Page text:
Introduction to Hydrology
Please read lab carefully. Step-by-step instructions are presented. Questions (in bold) should be answered in your lab report, which can be submitted in the form of a word document to Blackboard.
Part 1: Download & Graph Precipitation Data from the NCDC
1) Navigate to the National Climatic Data Center website (http://www.ncdc.noaa.gov/).
2) Click on Data Access in the top menu bar, take a few minutes to read through the page to see what types of data are available.
Question 1: Briefly describe three(3) different types of climate/weather data available from the NCDC website. Please use your own words, DO NOT copy and paste.
1WeatherBalloonClimate information from the environment, starting at three meters over the Earth's surface. These information are acquired from radiosondes, which are instrument bundles fastened to inflatables that transmit information back to the getting station.
2ModelAccess to close continuous, high-volume numerical climate forecast and worldwide atmosphere models and information. Investigating the past, present, and future to help with the examination of multidisciplinary datasets and advance interoperable information examination.
3 RadarAn acronym for Radio Detection and Ranging, a radar is a question recognition framework that utilizations radio waves to decide the range, height, bearing of development, and speed of articles delivering crude information and also creating investigation items.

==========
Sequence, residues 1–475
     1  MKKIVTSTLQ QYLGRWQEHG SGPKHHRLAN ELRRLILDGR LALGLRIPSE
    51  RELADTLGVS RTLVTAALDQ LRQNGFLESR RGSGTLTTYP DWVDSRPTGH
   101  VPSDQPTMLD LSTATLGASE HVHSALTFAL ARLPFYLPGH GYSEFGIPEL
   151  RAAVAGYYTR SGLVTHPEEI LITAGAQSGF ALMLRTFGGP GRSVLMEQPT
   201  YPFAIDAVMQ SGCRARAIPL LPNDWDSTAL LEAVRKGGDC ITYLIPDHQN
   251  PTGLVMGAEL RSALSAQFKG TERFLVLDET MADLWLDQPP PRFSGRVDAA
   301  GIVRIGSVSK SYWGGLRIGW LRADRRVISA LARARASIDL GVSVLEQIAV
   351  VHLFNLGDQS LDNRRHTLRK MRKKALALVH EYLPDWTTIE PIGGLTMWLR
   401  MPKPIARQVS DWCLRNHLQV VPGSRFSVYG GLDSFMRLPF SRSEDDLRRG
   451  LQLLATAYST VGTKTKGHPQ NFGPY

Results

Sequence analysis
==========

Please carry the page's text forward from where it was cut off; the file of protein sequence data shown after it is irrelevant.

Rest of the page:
3) Click on Quick Linksà U.S. Local Climatological Data à Quality Controlled Local Climatological Data. On this page you will find documentation and samples of data in html or ASCII (comma-delimited text file) format. On the right you can search for weather stations by map or from a list of states.
4) Select a station of your choice to access daily &hourly precipitation data for the month of December 2016. NOTE: Daily data is not available from all stations. Please choose a station for which daily data is available. How do you know which stations have daily data available?
5) After selecting the month of interest, you will be given the choice to select a particular day or the entire month. You should select the entire month.
6) You can access the data in either html or csv format. However, the entire dataset is most easily viewed in html format. Choose daily data and submit.